Among the tools rescuers used was a microwave radar device developed by NASA’s Jet Propulsion Lab and the Department of Homeland Security that “sees” through up to 20 centimetres of solid concrete, according to Adrian Garulay, CEO of Spec Ops Group, which sells them. The suitcase-size device can detect human respiration and heartbeats and was being deployed Sunday by a seven-member search-and-rescue team from Mexico’s Jewish community.

Levine Cava said six to eight teams are actively searching the pile at any given time, with hundreds of team members on standby ready to rotate in. She said teams have worked around the clock since Thursday, and there was no lack of personnel.

U.S. President Joe Biden said in a statement he spoke with FEMA Administrator Deanne Criswell about efforts on the ground after Criswell visited the site. Biden said his administration is prepared to provide assistance and support.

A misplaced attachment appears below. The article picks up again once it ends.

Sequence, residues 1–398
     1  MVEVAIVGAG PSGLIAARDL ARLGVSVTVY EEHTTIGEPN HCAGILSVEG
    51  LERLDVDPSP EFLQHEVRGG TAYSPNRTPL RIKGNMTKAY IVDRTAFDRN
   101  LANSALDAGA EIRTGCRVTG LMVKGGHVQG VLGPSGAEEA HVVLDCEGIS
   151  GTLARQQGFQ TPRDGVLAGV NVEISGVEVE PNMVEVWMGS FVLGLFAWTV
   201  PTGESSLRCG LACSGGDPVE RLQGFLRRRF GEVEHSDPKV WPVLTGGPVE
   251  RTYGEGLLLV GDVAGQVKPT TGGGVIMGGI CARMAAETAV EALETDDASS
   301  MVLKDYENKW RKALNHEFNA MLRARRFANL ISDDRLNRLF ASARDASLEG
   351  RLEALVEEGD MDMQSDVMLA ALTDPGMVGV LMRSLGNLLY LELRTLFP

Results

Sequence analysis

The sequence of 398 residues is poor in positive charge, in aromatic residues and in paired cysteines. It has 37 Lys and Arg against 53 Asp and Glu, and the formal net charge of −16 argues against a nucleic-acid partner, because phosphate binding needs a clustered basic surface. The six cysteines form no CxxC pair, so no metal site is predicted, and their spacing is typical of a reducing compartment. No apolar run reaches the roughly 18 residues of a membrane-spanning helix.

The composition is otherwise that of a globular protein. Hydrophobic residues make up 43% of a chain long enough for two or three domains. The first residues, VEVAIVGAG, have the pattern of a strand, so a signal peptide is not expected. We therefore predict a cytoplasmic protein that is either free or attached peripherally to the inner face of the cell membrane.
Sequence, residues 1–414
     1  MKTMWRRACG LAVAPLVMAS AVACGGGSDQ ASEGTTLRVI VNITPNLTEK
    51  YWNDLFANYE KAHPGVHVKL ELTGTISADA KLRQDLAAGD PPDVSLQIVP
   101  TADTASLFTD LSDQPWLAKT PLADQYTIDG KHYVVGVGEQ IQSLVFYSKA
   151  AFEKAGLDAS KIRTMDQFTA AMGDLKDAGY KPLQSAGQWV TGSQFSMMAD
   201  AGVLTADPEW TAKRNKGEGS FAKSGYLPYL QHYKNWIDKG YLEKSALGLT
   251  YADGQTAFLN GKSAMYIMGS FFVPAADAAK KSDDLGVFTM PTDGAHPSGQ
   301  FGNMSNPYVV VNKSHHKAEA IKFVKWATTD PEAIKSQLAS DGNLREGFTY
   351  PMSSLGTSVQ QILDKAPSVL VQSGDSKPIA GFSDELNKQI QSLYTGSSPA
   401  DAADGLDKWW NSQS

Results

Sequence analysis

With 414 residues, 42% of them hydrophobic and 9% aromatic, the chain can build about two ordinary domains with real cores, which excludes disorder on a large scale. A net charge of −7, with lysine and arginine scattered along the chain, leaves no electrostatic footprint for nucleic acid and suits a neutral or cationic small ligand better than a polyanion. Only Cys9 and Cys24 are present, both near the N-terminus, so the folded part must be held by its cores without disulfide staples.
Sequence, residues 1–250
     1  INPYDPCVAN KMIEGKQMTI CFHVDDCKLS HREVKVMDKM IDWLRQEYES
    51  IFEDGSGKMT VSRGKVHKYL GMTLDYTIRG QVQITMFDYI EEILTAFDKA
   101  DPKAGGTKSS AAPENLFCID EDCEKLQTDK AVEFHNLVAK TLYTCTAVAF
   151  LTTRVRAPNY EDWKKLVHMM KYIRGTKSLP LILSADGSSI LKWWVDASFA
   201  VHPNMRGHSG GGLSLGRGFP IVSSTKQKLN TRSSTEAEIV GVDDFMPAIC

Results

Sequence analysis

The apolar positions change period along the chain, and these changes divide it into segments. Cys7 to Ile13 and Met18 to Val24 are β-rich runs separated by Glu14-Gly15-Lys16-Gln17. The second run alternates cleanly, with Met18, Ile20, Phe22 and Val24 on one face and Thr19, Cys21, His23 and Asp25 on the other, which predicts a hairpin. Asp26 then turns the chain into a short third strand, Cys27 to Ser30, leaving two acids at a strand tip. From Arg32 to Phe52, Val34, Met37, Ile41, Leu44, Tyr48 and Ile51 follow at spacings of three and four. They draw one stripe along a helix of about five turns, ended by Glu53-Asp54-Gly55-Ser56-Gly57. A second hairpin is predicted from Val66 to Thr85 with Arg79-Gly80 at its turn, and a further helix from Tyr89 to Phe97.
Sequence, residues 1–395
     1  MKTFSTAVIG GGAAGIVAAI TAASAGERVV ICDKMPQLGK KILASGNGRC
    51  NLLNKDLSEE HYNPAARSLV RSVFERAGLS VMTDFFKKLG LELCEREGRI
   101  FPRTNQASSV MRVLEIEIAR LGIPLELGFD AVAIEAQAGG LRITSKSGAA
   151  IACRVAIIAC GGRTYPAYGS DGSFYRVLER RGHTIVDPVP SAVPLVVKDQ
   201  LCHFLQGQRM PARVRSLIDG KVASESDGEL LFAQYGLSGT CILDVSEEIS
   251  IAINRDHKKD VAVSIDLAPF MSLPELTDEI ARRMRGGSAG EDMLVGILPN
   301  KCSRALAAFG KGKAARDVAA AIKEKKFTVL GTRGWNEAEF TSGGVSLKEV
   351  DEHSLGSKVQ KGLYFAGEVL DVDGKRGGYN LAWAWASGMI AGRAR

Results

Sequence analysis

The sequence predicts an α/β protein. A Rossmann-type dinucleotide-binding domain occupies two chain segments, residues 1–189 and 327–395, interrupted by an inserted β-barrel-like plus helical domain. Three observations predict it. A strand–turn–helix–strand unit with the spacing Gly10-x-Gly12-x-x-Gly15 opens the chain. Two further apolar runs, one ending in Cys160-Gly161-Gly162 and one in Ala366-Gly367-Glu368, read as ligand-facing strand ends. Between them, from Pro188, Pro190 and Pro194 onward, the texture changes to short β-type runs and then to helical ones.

“This is an unimaginably difficult time for the families enduring this tragedy,” Biden said. “My heart goes out to every single person suffering during this awful moment.”

WATCH | Death toll in Florida building collapse rises to at least 9: 

The death toll after the collapse of a 12-storey condo building in south Florida rose to at least nine people on Sunday, with dozens still missing, officials said. 4:14

Crews spent Saturday night digging a trench that stretches 38 metres long, six metres across and 12 metres deep, which allowed teams to find more bodies and human remains.

Earl Tilton, who runs a search-and-rescue consulting firm in North Carolina, said rushing into the rubble without careful planning and execution would injure or kill rescuers and the people they are trying to save.

“Moving the wrong piece of debris at the wrong time could cause it to fall” on workers and crush them, he said.

But Tilton agreed families were not wrong to continue holding out hope. During past urban rescues, he said, rescuers have found survivors as long as a week past the initial catastrophe.